UK roundup: Government Actuary Department, Ortec, Unite, Visteon
UK - The Government Actuary's Department (GAD) has appointed Ortec Finance to provide risk management solutions for its investment and risk team.
GAD will soon begin using the group's pensions asset liability management (PALM) solution, allowing the internal investment team to better manage assets.
Colin Wilson, head of investment and risk at GAD, said: "Ortec Finance boasts an excellent pedigree, having already proven its approach and technology in many countries across the globe, and we are confident the Ortec Finance team will help us to meet the challenges facing funded UK pension schemes."
In other news, the UK's largest union Unite has launched a lawsuit against automobile manufacturer Ford, hoping the company will be forced to pay compensation for what the union called misleading pension advice.
Unite filed the suit, first threatened last summer, at the High Court following the 2009 collapse of Visteon UK, a supply group sold by Ford in 2000.
Ford employees were given the chance to transfer all accrued pension savings from the company's scheme into the Visteon UK pension fund, with the union insisting that guarantees were made that all benefits would be secure.
However, when Visteon went into administration two years ago with a £350m pension deficit, members instead had to contend with the maximum payment offered by the Pension Protection Fund (PPF).
Roger Maddison, Unite's national officer, said: "Unite believes Ford has a legal and moral obligation to the thousands of ex employees who paid into its pension scheme all their working lives believing this would provide a financially secure pension in retirement.
"Ford misled many of these workers, leading them to believe their pensions were safe with Visteon."
Maddison said Ford failed to clearly set out the risks associated with any asset transfers.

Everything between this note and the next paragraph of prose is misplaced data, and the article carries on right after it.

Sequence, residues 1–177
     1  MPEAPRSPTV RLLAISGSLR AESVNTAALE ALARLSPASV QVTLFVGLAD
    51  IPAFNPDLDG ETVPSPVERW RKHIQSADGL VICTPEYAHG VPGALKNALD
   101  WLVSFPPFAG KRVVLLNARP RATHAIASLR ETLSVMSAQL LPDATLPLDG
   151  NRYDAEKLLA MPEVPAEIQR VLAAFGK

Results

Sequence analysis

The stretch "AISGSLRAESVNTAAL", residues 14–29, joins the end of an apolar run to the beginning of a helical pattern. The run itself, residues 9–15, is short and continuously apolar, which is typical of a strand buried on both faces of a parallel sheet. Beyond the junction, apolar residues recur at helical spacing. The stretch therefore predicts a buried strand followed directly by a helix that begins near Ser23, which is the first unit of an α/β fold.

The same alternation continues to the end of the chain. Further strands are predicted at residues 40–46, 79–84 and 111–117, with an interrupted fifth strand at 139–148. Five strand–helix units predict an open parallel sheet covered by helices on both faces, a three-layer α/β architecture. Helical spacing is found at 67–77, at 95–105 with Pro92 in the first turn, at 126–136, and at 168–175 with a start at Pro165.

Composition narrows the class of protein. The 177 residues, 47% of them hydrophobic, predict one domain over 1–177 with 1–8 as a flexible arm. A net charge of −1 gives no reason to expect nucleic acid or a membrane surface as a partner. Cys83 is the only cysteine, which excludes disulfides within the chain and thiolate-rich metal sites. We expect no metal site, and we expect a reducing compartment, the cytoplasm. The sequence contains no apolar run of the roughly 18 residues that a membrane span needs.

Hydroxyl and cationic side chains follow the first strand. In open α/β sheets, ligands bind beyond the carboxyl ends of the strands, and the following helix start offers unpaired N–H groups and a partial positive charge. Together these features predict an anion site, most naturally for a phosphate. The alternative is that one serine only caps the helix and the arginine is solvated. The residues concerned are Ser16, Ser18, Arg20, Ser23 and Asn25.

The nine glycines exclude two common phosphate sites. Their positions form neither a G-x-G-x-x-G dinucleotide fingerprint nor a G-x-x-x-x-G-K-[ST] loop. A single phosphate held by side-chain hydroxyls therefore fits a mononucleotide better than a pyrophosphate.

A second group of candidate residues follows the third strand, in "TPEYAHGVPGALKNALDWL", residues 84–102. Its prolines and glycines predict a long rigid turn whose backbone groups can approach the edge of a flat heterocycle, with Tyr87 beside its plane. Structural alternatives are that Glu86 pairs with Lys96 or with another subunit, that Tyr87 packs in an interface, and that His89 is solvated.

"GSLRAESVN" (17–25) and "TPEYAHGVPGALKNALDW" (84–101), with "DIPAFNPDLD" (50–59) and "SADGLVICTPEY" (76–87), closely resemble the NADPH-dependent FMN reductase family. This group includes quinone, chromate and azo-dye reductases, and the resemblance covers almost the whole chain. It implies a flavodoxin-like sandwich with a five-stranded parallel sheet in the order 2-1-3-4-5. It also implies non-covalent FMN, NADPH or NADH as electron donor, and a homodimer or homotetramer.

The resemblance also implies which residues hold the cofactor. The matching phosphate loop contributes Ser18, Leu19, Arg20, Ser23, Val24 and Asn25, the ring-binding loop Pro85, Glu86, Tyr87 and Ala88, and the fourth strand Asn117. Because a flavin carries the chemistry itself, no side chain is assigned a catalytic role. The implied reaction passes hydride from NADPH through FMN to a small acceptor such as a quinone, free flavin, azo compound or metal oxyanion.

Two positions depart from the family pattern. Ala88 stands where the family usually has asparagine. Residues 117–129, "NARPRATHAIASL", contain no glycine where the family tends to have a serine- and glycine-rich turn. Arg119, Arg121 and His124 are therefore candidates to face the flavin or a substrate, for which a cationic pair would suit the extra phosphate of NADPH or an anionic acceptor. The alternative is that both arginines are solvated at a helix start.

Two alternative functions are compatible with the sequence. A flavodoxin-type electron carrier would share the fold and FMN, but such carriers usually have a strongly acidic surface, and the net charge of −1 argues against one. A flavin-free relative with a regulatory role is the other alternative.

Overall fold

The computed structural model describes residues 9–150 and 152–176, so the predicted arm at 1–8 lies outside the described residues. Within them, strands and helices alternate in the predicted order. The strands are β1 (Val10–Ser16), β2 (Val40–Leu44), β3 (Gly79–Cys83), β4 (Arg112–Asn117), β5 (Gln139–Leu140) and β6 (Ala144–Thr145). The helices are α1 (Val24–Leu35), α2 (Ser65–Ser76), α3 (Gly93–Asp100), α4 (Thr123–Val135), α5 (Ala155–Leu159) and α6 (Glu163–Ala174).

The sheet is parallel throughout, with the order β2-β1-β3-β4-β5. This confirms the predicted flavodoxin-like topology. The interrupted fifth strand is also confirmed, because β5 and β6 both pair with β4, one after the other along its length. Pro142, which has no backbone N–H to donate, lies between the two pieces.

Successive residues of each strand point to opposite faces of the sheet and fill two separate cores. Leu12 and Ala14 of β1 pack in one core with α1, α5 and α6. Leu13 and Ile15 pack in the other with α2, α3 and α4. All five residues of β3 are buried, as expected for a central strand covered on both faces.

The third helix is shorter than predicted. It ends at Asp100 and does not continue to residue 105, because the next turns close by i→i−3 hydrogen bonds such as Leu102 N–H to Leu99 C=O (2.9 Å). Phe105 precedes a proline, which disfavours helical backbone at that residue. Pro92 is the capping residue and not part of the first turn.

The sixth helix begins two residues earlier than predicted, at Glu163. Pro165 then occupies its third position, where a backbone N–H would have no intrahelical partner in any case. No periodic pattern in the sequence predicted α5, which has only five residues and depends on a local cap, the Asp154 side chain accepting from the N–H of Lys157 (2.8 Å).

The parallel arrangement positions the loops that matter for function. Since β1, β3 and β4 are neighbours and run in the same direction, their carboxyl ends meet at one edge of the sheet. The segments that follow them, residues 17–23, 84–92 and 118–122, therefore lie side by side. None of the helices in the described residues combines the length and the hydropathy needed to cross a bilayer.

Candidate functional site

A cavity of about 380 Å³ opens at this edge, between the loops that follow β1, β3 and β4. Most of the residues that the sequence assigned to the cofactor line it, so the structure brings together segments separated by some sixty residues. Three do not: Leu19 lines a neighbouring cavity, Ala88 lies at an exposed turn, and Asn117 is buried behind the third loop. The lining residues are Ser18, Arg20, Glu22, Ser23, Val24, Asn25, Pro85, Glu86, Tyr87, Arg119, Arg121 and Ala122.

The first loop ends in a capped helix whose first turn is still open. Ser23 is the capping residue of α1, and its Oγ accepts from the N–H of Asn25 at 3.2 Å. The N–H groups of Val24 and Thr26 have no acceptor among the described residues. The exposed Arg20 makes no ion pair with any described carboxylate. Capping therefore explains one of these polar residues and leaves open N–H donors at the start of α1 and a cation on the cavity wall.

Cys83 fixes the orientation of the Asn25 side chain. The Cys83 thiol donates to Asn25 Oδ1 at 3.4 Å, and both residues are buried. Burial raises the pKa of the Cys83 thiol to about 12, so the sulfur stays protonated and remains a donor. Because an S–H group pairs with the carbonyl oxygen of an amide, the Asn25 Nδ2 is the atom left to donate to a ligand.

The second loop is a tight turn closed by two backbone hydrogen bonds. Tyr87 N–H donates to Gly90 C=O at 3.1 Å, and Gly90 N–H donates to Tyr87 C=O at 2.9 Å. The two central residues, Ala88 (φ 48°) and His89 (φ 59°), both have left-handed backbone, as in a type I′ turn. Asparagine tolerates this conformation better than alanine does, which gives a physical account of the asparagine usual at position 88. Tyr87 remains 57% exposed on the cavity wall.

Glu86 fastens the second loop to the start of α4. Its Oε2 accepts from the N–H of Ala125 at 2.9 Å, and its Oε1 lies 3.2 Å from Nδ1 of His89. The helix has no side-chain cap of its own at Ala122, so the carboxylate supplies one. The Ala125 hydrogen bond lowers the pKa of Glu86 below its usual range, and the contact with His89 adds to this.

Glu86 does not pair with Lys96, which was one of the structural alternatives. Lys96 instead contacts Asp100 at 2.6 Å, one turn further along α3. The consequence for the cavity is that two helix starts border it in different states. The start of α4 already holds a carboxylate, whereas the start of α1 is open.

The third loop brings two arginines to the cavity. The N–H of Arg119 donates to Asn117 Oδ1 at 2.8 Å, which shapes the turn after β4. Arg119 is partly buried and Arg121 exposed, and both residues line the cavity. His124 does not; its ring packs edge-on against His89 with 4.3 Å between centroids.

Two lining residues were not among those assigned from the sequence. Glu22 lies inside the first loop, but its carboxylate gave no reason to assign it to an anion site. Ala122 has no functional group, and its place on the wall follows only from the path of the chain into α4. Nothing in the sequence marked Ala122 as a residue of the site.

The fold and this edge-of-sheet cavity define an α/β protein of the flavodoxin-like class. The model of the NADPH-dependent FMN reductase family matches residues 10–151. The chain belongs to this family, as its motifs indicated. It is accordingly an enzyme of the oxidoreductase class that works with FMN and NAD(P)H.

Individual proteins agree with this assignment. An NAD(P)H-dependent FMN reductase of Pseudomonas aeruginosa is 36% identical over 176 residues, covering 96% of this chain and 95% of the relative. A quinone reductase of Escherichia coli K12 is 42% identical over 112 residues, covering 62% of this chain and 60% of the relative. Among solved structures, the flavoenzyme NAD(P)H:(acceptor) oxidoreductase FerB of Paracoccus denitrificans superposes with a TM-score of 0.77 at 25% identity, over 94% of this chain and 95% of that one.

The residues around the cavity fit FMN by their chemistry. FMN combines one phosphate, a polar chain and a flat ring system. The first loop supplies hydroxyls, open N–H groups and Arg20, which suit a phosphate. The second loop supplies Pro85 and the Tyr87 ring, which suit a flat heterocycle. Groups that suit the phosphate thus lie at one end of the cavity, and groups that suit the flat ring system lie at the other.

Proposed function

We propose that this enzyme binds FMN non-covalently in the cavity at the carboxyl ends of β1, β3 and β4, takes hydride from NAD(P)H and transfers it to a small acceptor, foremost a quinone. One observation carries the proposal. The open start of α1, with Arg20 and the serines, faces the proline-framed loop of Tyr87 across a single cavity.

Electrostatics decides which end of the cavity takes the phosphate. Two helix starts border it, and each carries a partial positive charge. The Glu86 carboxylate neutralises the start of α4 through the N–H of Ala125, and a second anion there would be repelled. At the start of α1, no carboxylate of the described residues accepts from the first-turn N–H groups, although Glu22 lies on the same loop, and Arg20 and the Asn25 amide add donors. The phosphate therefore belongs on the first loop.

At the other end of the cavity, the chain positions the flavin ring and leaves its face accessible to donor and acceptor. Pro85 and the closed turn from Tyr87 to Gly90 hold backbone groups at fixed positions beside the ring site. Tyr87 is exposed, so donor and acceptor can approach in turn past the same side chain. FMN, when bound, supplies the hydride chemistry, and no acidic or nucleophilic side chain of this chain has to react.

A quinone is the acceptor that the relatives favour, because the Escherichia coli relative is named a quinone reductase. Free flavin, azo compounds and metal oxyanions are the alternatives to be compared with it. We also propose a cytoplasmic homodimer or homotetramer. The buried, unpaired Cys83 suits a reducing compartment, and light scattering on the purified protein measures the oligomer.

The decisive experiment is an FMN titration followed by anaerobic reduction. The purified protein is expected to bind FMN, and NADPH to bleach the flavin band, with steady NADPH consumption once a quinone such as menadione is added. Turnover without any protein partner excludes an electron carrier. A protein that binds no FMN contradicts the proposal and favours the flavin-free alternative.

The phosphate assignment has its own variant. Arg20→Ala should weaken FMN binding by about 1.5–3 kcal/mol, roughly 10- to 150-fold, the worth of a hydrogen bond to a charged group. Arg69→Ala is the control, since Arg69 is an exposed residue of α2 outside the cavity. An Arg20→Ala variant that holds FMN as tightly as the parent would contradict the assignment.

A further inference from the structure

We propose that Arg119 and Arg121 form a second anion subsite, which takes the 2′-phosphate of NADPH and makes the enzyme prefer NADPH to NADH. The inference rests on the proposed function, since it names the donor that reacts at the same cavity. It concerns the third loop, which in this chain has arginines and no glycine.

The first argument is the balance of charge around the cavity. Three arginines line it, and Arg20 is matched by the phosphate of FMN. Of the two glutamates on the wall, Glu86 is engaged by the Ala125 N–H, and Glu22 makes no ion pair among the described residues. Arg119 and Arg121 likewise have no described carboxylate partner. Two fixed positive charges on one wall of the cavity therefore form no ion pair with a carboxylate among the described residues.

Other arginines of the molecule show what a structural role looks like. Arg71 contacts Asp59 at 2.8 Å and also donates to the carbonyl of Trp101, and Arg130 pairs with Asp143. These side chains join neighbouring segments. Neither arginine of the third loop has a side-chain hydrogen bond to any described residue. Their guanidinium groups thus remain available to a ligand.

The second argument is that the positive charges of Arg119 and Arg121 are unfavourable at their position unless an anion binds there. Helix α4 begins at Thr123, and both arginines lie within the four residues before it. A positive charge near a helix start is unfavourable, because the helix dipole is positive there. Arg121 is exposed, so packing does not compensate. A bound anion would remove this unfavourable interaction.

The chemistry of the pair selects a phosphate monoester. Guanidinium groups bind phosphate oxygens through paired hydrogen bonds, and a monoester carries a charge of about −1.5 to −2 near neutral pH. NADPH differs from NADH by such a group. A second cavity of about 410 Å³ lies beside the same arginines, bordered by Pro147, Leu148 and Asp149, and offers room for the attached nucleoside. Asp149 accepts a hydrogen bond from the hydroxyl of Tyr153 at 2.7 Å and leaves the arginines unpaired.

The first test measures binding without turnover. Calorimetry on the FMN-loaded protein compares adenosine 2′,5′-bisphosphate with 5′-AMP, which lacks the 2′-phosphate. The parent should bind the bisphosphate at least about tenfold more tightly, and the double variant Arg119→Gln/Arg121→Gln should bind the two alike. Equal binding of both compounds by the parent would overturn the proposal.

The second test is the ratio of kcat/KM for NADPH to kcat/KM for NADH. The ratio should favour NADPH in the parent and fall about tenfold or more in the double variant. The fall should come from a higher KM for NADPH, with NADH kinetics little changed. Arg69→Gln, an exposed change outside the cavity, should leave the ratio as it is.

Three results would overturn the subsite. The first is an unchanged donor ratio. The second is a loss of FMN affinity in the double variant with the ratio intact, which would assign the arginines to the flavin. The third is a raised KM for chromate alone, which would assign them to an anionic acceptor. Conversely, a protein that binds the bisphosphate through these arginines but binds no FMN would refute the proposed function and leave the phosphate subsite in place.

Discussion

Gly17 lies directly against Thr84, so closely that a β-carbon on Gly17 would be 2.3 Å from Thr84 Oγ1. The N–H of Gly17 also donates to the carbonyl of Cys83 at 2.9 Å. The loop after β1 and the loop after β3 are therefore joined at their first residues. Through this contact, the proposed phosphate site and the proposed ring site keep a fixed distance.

Meanwhile, the Department for Work and Pensions has launched a review of the existing defined contribution regulatory framework, with the aim of guaranteeing employee saving rates as auto-enrolment comes into effect.
Specifically, the review will examine the difference between trust-based occupational schemes and contract-based arrangements and the potential problems posed by refunds if scheme members change employers in under two years.
Pensions minister Steve Webb said it was important to ensure the regulatory differences did not result in workers failing to save for retirement.
"The use of short service refund rules is an area where we will take action if it appears the rules risk the success of the workplace pension reforms," he added.
Under current legislation, trust-based scheme members can request a refund of contributions if they change employers less than two years after enrolling, while employers are able to use its contributions to offset any future payments needed for other workers.
The consultation is open until April.
Finally, the £950m Shropshire County Pension Fund has appointed Aon Hewitt as investment adviser.
The consultancy, which will advise on managerial appointments as well as strategic asset allocation, was well-placed to support the fund at a time when local government pension schemes were faced with a number of changes, said Graham Chidlow, head of finance at Shropshire Council.